Crazy Stuff That Can Lead To Poisoning And Kidney Failure In Cat

A kidney failure in cat can be caused by fungal or bacterial infections. Age and heredity can also be factors in causing kidney failure in cats. There are also many substances can also cause kidney failure that your cat can access. Needless to say, massive doses of Vitamin D and rodent poison can do heavy damage to your cats kidneys. Watch out for these other items that can damage the feline renal system.

As kidney failure occurs in more senior cats, that is, cats over 5 years old, be on the alert for the symptoms of a kidney failure in cat. The sooner you get her into the vet for proper diagnosis, the better chances she has of recovering to live out a few more months or years with you.

Recognizing the symptoms of a kidney failure in cat. Your cat will drink a lot of water. A lot. Then she will urinate massive amounts in a single session. At the same time she many stop eating or even begin vomiting. Her coat will loose its glossiness. She may hide away in a dark place and seem to be very sleepy and lethargic. She is not feeling very good at all.

Kidney failure in cats can also occur when your cat eats something that in effect poisons her kidneys. One common human remedy that can cause feline renal failure is ibuprofen or naproxen. These are also called non-steroidal anti-inflammatory drugs or NSAIDs. Cats are extremely sensitive to these drugs and can experience stomach ulcers and kidney damage.

Watch out for products made of Vitamin D like calcitriol and calcipotrien. Just a small amount of these can cause the calcium level to spike in your cat. The symptoms don’t appear for about 24 hours, but your cat may well be on the road to a diagnosis of a kidney failure in cat.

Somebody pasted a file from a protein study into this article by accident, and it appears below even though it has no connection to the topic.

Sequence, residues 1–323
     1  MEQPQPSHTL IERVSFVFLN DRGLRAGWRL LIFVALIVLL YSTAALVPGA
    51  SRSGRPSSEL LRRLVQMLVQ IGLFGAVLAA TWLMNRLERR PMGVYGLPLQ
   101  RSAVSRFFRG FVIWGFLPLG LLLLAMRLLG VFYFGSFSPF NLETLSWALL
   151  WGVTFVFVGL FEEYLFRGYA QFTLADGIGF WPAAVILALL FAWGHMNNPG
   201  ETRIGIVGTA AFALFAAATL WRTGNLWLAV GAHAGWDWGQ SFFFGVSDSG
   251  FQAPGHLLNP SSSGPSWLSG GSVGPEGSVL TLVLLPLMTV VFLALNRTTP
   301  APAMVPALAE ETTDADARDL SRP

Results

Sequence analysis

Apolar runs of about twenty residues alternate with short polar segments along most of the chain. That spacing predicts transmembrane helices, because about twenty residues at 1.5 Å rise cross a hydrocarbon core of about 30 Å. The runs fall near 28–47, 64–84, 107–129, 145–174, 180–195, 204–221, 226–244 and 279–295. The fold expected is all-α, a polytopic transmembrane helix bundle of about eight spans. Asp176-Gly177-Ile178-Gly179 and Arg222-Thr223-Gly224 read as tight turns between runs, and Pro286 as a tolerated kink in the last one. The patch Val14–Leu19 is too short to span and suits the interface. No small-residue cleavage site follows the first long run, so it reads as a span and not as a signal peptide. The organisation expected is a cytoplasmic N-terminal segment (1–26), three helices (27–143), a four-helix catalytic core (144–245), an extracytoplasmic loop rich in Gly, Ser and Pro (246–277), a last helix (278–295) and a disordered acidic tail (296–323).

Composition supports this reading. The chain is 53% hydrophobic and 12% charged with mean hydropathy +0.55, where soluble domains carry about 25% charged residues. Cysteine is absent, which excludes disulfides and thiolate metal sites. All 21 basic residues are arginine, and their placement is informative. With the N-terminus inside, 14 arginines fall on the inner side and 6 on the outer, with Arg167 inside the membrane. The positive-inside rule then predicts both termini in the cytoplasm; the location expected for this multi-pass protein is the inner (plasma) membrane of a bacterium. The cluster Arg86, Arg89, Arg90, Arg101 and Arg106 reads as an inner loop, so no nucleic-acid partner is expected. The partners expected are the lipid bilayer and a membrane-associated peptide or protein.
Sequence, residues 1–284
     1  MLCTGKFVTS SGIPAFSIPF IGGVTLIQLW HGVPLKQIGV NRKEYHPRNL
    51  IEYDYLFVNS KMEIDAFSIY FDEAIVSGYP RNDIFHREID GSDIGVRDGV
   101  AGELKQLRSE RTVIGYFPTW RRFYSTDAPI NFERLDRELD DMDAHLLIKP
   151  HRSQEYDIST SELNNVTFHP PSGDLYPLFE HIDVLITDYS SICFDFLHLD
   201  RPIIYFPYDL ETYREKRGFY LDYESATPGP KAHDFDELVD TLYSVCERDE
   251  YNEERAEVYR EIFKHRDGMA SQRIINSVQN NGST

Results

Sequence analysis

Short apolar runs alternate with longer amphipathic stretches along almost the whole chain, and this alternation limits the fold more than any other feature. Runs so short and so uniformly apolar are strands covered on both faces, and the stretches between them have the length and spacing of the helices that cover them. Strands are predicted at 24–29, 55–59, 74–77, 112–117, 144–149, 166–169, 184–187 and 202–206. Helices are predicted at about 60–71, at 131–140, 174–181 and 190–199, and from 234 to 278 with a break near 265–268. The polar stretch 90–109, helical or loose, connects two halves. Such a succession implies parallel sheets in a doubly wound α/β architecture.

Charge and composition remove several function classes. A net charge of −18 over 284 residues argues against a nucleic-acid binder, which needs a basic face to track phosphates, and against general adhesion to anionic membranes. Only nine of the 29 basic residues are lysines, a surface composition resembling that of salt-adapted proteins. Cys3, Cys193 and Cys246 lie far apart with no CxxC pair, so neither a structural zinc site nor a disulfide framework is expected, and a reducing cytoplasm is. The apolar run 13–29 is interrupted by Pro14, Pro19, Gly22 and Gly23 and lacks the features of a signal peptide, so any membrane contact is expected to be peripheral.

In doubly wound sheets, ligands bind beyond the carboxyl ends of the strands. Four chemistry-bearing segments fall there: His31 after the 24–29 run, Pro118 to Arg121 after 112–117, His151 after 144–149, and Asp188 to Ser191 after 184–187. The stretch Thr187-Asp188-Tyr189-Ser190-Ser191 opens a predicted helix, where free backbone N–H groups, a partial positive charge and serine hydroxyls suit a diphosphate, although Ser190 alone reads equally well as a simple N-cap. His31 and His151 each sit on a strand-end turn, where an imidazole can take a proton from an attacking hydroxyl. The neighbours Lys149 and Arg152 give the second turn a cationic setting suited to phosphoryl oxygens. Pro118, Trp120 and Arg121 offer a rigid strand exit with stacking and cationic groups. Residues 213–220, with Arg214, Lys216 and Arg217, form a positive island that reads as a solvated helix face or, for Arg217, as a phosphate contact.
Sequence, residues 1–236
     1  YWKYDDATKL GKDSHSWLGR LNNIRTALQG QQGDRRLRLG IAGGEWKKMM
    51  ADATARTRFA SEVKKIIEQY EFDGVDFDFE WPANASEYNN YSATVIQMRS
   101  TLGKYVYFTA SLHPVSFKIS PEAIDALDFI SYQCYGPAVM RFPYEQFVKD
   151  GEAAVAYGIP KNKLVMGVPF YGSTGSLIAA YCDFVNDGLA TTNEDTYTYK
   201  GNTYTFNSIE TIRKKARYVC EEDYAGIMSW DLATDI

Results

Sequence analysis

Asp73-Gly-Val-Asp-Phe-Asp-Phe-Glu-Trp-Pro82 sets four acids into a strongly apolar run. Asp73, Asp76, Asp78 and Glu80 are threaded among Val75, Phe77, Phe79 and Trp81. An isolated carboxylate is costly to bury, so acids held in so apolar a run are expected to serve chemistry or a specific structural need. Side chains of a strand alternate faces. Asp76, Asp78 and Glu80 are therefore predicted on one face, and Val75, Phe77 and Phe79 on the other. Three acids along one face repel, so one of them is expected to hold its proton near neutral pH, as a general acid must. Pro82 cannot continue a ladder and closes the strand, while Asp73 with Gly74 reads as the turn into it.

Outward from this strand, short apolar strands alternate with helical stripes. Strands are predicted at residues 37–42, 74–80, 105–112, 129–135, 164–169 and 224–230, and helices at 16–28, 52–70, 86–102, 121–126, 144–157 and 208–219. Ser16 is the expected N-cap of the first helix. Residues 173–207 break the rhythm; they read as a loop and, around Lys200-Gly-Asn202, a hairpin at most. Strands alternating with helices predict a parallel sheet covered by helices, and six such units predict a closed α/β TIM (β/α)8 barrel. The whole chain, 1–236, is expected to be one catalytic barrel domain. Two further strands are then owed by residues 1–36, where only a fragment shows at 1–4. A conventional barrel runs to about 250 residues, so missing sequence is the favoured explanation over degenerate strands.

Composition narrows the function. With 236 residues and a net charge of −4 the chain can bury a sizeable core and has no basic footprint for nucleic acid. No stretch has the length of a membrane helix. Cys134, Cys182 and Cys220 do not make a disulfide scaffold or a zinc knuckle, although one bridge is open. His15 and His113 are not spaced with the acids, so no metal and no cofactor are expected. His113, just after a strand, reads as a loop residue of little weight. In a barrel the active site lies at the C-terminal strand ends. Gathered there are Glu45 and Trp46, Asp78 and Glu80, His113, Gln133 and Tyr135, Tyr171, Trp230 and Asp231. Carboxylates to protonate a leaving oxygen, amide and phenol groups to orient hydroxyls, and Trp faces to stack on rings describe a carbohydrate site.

Japanese showy lilies (Lilium speciosum and Lilium lancifolium), Easter lilies (Lilium longiflorum), tiger lilies (Lilium tigrinum), rubrum and various day lilies (Hemerocallis species) can cause kidney failure in cats and even death. All parts of these plants, including the flowering parts are toxic. If your cat consumes as little as a single leaf you better both get on the road to the vet.

If you feed your cat table scraps, lay off the onions. Onions contain thiosulfate compounds that damage the red blood cells in your cat. These damaged cells clump together and form a mass called Heinz bodies. These Heinz bodies destroy the red blood cells leading to anemia and kidney problems in cats.

Consider giving violets or Easter daisies instead of Easter lilies during the Spring holiday. Make sure you keep vitamins and drugs in the cabinet and not laying around for your cat to eat accidentally. Check the garage for open containers of antifreeze, rat poison and anything with arsenic in it.